According to Achero Mufuayia, an advocate of the High Court and a land rights and governance expert, the conversion of title deeds is one of the steps Kenya is taking to comply with the open governance program (OGP). But this may herald new challenges in land ownership privacy. “One of the aims is to make data available to the public, but with land, this sort of data is largely private and its exposure contravenes Article 31 of the constitution on privacy,” he says. Although the conversion of title deeds to a new regime is supposed to enhance efficiency and guarantee security, the process could spark a wave of cybercrimes. Achero says that the majority of people who own land could be exposed to cyber manipulation and theft because they are neither young nor tech savvy. “In the current title deeds registration regime, doing a search is a headache. We have cases of landowners bribing their way to get a simple search because the system doesn’t seem to work seamlessly. This raises doubts on how the more complicated new registration regime will work, and how reliable the database will be,” he says.
Achero singles out the conversion from the traditional filing of cases to digital case filing that is taking place at the Judiciary. “Government portals appear to be sluggish and unreliable. For example, at the judiciary, filing online is itself a problem. This means that with land being so sensitive, and with the type of emotions people attach to property, the system may not only be overwhelmed, but could be a target for cyber theft and data manipulation,” says Achero.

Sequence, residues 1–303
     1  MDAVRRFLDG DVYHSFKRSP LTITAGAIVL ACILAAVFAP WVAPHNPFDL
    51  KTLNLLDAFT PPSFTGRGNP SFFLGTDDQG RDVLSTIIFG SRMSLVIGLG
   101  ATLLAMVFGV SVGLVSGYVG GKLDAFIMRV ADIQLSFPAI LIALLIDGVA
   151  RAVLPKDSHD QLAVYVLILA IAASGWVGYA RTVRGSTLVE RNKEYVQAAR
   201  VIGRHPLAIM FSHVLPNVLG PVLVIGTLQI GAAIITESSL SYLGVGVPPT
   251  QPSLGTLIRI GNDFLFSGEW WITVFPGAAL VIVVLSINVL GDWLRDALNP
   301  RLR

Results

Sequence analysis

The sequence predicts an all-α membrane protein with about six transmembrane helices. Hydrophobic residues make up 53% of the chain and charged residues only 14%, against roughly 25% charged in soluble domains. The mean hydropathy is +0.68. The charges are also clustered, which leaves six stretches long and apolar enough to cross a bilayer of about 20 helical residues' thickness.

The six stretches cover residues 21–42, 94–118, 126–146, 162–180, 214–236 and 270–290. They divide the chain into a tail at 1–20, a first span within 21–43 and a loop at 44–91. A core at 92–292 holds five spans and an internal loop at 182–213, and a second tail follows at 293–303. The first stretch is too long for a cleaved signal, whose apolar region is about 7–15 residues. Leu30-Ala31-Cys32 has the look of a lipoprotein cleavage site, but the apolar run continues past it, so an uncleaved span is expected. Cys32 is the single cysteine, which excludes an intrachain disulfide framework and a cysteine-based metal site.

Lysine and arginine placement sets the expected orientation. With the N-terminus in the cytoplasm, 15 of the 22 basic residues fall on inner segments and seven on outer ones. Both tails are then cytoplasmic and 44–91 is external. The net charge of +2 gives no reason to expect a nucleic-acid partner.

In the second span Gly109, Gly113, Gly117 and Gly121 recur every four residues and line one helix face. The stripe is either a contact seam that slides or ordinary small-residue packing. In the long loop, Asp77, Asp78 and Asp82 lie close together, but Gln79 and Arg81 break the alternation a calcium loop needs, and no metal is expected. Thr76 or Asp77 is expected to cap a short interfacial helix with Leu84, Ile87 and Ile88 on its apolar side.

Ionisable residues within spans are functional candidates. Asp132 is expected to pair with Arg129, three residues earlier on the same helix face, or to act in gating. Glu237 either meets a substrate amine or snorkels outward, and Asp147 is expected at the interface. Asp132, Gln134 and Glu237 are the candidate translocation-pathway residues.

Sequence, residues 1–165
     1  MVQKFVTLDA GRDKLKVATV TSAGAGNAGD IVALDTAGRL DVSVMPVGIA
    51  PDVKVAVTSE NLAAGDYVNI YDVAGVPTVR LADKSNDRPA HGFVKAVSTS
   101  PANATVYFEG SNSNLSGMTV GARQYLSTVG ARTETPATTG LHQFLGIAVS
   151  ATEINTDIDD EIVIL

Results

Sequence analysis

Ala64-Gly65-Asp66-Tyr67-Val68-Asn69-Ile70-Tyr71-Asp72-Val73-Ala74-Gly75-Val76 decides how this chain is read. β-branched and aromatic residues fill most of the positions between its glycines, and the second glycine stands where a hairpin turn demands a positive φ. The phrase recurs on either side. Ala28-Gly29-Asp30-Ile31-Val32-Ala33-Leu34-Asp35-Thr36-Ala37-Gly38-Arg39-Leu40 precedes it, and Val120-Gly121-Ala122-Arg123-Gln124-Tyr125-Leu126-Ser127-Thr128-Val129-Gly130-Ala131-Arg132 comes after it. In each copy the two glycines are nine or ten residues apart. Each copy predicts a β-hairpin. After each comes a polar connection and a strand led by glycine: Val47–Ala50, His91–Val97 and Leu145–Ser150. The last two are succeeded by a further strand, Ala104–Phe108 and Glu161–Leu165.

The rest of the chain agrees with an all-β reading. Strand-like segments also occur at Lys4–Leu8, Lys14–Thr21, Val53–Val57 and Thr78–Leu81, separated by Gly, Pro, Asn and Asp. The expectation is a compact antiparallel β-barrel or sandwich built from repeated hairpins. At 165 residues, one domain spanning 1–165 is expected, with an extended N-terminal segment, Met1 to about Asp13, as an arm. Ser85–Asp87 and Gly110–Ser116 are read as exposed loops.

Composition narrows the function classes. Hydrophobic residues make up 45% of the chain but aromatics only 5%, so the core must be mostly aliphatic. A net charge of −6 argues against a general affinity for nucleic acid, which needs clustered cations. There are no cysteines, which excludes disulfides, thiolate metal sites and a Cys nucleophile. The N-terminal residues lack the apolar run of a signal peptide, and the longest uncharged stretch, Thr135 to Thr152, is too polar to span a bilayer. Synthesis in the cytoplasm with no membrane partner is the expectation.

With the conversion of title deeds likely to set scammers on the loose, Kibet advises that you get a licensed professional to hold your hand during the application process. “The conversion process will be free. However, emotions will inevitably fly high and cons and land cartels will be on the lookout for the vulnerable, especially the elderly. Get a trusted and licensed lands practitioner to guide you if you feel too exposed and unable to apply or visit the ministry’s offices on your own,” he says.
Title Deed Replacement: The process of conversion
According to guidelines from the Ministry of Lands and Physical Planning, the conversion process will be as follows:
Preparation of cadastral maps together with the conversion list
Publication of the cadastral maps together with the conversion list
Tabling and consideration of complaints by landowners
Closure of old title deed registers
Commencement of transactions using the new register
Application for replacement of title deeds from the old registers
Title Deed Replacement: What to do if aggrieved
The Ministry of Lands and Physical Planning has set up a complaints desk at the customer care centre which is located at the Ardhi House, along 1st Ngong Avenue in Nairobi. According to the Ministry of Lands, if you have a complaint or feel that the conversion has aggrieved you, you may take these steps:
Lodge a complaint with the registrar through the ministry’s complaints desk. You will not be charged.
You will be required to complete forms LRA 96 set out in the Second Schedule to the Land Registration (Registration Units) Order, 2017 or LRA 67 set out in the Sixth Schedule to the Land Registration (General) Regulations, 2017. You can access these forms at the complaints desk where you will be guided on how to fill them. You can also download the forms from the ministry’s website www.lands.go.ke.
You will attach a copy of your title deed, copy of your ID, copy of your KRA PIN, your contact address and phone number to the filled forms.
Your complaint will be recorded by the Registrar and assigned a case reference number for follow up.
You will then await updates on the progress of your complaint. The Registrar shall resolve your complaint within 90 days.
This feature on title deed replacement was first published in the Saturday Magazine. The Saturday Magazine is a publication of the Nation Media Group.